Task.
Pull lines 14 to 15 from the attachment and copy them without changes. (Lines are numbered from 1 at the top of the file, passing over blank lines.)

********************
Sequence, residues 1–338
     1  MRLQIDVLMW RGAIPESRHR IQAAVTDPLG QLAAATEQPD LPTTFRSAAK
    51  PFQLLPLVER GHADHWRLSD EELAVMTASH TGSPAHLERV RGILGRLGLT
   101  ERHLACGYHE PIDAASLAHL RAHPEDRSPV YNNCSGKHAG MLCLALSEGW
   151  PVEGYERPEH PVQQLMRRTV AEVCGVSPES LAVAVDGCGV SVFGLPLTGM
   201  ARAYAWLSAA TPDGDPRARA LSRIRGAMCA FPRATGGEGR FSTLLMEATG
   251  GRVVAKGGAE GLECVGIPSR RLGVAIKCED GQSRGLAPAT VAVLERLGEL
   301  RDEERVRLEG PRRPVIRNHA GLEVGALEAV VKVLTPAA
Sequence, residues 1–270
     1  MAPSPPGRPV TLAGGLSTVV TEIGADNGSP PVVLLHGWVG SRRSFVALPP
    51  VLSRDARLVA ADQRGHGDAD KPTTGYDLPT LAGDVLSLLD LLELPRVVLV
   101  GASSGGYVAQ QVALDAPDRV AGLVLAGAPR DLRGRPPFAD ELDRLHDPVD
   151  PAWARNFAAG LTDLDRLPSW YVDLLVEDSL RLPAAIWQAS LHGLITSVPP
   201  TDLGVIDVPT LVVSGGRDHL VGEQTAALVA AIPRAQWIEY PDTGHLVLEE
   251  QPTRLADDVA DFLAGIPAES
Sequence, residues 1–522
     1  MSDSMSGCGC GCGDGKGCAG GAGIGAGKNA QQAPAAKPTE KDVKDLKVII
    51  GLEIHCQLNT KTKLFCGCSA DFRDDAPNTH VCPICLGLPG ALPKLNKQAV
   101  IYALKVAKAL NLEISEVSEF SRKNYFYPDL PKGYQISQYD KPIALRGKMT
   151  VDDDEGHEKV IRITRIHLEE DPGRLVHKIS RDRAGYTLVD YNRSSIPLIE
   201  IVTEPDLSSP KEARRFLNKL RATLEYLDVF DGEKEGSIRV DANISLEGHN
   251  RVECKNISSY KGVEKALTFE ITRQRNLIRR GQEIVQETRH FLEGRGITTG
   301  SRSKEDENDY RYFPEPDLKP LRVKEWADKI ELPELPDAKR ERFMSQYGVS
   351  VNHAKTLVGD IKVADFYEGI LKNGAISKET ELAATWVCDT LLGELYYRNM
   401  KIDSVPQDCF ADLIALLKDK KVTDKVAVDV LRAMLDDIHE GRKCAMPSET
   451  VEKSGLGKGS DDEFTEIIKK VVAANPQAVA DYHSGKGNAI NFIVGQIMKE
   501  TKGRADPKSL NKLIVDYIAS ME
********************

   201  TDLGVIDVPT LVVSGGRDHL VGEQTAALVA AIPRAQWIEY PDTGHLVLEE
   251  QPTRLADDVA DFLAGIPAES